Co-created value requires a relationship: Products can play a role in relationships — even a key role — but products can’t have relationships. The relationship between a company and its customers develops gradually, as customers build trust in the company and its ability to deliver on their promises over time.
The product is an intermediate step, not an end in itself: Even after a customer buys a product, they must learn how to use it, maintain it, repair it, and enjoy it. If the company is lucky, they will like it enough to tell friends about it, educate others, promote it, buy additional services around it and so on.
A service-dominant world changes the game significantly. Service-orientation is a fundamental shift and creates opportunities for new business strategies, new sources of competitive advantage, new ways of interacting with customers, and new ways of organizing work.
Everyone is a service.
In a service-oriented company, it makes sense to consider every aspect of the company as a service. Managers provide a management service. Engineers provide an engineering service. Designers provide a design service. Marketers provide a marketing service.
We have developed a tendency to think of flows in terms of process, but services and processes are not the same. Processes are linked, linear chains of cause and effect that, when managed carefully, drive predictable, reliable results.
A service is different. Processes are designed to be consistent and uniform, while services are co-created with customers. This difference is not superficial but fundamental. A process has only one customer, the person who receives the final result. A process is rule-bound and tightly regulated. The quality of a process’s output can be judged by the customer at the end of the line.
A service is at its core a relationship between server and served. Service is work performed in support of another. At every point of interaction, the measure of success is not a product but the satisfaction, delight or disappointment of the customer.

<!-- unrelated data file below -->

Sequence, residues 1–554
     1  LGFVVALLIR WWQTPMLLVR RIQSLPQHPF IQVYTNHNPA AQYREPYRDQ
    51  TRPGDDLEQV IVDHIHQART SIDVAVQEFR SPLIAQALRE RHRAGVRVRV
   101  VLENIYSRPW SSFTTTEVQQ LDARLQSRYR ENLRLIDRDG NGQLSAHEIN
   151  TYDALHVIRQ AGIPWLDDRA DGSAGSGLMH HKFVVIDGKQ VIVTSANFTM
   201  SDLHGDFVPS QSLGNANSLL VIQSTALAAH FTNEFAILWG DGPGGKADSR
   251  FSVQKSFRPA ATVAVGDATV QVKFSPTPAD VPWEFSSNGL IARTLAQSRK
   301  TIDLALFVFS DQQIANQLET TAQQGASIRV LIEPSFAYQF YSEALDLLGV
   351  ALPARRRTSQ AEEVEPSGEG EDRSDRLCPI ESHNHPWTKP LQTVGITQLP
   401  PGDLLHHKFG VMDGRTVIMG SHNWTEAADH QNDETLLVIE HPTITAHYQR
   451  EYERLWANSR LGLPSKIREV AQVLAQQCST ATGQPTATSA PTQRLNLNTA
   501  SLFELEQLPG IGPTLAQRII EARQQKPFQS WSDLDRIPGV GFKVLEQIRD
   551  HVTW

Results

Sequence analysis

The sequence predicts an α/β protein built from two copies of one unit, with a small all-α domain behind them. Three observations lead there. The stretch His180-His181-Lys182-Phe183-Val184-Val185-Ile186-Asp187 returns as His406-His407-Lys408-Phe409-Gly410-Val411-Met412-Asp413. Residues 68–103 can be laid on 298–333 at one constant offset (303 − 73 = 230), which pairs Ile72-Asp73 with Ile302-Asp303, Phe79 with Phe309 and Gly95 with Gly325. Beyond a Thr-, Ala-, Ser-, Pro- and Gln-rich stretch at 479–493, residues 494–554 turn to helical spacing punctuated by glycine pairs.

As if change wasn’t already difficult enough, service orientation for many companies will require a whole new approach to business partnerships.
Because services map to increasingly demanding customer preferences, companies must find ways to make them more granular, as well as easier to bundle with other services. Customers want services to be convenient for them, not for you.
Consider insurance. Even though insurance is a service, in many ways it is sold like a product. A product-dominant mindset says “we sell life insurance, car insurance and homeowner’s insurance. Our customers come to us when they need insurance.” But if a company can find a way to offer business partners insurance as a configurable service, a lot more options open up.
For example, Whipcar allows car owners to rent their car out when they are not using it. Part of the Whipcar service involves bundling car insurance along with the rental, which requires the “insurance service” be available on demand in increments as small as one hour. The more networked and linkable an insurance service, the more easily it can be blended and bundled with Whipcar’s other services.
PayPal is a super-granular payment service which is easy to plug in to any ordering system. Some of PayPal’s customers are so happy with the service, and so loyal, that they will not buy from merchants who don’t offer PayPal payment service. After all, buying from another vendor is usually just one click away.
Service networks also thrive by making a set of complementary services more easily available to customers. A restaurant does better if it’s within a short walk of a movie theater and shopping. Customers tend to like convenient clusters of services. For example, it’s nice if you can go grocery shopping, drop off your laundry and get a coffee in a single stop or within a short distance.